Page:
For evidence, one only needs to look as far the first-person shooter genre in the previous console generation. The unprecedented success of Call of Duty generated a leap in the number of FPS titles being developed, many of which languished on release. Battlefield and Call of Duty quickly rose to the top of the sales charts with the backing of consistently high review scores and strong marketing campaigns, while less prominent titles, such as Medal of Honor and Crysis, though garnering attention, fell to the wayside.
More recently, the first-person shooter genre has become centralised and insular with single-player campaigns being minimalised in favour of multiplayer innovation, which has resulted in an ever-increasing focus on games such as Titanfall, Destiny, and Star Wars: Battlefront. For me, at least, who is more interested in narrative-oriented shooters such as Resistance and Bioshock, this new focus has created a malaise for the entire genre, and the dropping annual sales figures for the biggest shooters only prove that the malaise is broader than this one editor. A lack of diversity can only result in diminishing returns for content creators and users alike, as the users grow tired of being fed the same thing on a regular basis, resulting in less of a desire to partake of the latest offering.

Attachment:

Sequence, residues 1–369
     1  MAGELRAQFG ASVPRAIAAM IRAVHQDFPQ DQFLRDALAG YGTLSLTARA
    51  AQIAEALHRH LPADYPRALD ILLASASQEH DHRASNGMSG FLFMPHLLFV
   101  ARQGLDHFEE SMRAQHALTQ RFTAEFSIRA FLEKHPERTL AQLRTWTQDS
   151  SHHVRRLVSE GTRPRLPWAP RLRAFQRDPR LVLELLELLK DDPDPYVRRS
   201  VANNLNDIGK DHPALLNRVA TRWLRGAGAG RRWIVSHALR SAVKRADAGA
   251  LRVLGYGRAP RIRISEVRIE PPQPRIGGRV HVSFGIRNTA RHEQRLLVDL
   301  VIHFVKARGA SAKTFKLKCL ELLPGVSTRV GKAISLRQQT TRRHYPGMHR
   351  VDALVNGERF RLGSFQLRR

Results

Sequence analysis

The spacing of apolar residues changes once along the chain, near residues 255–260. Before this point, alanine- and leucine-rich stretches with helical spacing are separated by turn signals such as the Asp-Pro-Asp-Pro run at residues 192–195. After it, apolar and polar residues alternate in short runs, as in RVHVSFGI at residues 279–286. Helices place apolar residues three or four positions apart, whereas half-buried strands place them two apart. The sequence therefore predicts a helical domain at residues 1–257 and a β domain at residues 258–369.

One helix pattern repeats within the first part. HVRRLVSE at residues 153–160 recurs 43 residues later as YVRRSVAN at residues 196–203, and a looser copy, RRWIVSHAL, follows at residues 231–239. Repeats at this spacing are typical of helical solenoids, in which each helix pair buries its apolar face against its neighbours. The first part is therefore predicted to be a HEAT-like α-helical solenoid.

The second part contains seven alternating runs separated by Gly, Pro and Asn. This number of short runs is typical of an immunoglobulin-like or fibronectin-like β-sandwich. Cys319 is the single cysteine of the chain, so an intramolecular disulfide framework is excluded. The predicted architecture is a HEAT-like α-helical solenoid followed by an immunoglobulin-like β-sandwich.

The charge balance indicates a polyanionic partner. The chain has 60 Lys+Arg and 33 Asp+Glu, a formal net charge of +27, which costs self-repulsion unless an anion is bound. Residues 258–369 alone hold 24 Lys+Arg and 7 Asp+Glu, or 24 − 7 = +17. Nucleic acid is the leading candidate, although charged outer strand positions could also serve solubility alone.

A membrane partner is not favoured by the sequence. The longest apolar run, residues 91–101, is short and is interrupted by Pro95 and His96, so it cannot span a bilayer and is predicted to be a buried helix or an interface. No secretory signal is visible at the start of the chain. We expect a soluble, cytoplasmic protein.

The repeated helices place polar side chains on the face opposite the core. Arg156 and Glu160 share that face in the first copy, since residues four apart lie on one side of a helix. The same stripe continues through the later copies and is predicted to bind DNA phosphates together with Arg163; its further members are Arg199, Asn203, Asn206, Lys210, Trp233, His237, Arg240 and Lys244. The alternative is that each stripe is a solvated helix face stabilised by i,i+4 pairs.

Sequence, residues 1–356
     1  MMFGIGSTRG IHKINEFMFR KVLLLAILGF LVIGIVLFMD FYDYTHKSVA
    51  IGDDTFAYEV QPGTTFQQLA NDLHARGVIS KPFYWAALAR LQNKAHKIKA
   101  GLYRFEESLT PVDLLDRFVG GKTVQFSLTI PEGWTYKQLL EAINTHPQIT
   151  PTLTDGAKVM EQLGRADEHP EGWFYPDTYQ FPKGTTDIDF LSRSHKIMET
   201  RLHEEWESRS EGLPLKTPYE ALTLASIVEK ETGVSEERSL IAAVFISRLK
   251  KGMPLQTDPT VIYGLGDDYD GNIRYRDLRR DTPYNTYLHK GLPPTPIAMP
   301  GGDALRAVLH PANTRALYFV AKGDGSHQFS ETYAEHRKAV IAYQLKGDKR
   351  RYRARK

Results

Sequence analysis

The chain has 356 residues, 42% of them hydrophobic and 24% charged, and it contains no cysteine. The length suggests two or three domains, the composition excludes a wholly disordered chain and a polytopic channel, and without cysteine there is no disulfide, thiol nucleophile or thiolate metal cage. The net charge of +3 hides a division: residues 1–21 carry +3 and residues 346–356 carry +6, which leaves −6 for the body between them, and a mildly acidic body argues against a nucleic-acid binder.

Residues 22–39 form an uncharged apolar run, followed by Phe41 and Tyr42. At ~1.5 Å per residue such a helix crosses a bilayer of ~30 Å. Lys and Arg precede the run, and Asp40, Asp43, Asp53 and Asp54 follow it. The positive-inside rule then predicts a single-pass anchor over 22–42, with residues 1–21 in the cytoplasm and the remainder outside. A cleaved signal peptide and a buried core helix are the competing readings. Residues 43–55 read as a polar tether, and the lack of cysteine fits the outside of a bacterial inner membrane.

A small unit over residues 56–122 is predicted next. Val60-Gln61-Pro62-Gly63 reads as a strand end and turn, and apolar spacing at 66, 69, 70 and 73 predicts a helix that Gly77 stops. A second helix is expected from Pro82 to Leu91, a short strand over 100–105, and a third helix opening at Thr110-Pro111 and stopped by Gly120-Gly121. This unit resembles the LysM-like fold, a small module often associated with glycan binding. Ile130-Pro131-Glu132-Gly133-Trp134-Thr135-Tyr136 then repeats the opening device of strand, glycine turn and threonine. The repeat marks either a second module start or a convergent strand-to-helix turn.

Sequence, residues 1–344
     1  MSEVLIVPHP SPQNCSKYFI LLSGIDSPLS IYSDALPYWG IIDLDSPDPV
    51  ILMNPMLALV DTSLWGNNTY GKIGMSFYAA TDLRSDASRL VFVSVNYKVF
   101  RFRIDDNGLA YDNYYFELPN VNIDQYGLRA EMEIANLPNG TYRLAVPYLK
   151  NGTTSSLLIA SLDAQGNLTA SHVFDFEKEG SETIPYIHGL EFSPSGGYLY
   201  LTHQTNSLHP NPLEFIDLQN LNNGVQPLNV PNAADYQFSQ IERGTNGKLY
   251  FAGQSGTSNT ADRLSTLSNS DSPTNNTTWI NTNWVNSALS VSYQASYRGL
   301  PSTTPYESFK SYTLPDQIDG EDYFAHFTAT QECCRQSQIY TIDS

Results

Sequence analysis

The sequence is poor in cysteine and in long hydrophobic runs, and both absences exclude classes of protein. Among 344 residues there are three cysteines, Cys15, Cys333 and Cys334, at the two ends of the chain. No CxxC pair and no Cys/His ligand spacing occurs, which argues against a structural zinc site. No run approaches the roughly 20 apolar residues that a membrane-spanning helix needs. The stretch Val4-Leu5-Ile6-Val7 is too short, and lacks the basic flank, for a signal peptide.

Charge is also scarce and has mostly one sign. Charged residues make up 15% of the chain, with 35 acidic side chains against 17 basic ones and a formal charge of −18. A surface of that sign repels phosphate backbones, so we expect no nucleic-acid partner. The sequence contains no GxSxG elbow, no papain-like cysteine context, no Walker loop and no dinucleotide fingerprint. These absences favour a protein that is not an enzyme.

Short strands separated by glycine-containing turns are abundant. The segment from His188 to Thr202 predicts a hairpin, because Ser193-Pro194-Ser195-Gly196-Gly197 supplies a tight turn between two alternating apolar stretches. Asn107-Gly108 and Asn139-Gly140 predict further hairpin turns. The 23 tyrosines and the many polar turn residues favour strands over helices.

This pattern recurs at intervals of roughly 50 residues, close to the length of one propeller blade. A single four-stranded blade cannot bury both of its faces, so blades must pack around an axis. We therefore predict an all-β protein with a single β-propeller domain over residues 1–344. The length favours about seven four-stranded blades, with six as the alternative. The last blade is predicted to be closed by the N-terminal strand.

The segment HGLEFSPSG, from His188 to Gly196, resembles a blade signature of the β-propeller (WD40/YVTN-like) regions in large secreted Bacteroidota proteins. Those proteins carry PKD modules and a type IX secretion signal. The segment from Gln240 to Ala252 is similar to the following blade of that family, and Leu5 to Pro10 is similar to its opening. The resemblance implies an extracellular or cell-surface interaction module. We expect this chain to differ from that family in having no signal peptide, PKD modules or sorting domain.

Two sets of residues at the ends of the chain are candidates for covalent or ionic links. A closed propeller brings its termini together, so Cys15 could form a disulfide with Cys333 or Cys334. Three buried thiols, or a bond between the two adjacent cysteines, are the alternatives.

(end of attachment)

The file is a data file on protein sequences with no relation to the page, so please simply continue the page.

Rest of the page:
As the adage goes, variety is the spice of life. I like Fallout and The Elder Scrolls almost as much as anyone, but the idea of playing them over and again, with visual design and overarching literary genre as the only differentiating factors, does not appeal to me. As much as I like Bethesda RPGs, I also enjoy the more confined nature of the Mass Effect series, and the stealth-oriented design of Deus Ex because they offer something tangibly different. Although we know little of these two titles thus far, it would be creative bankruptcy for them to adopt the action-oriented open-world design aspects of Fallout.
Although it makes perfect sense to follow the trail of money, RPG developers need to be willing to retain their integrity and be brave enough to stick to the design principles that will make their game as good as it possibly can be, rather than seeking to adapt the game they want to make to a successful formula.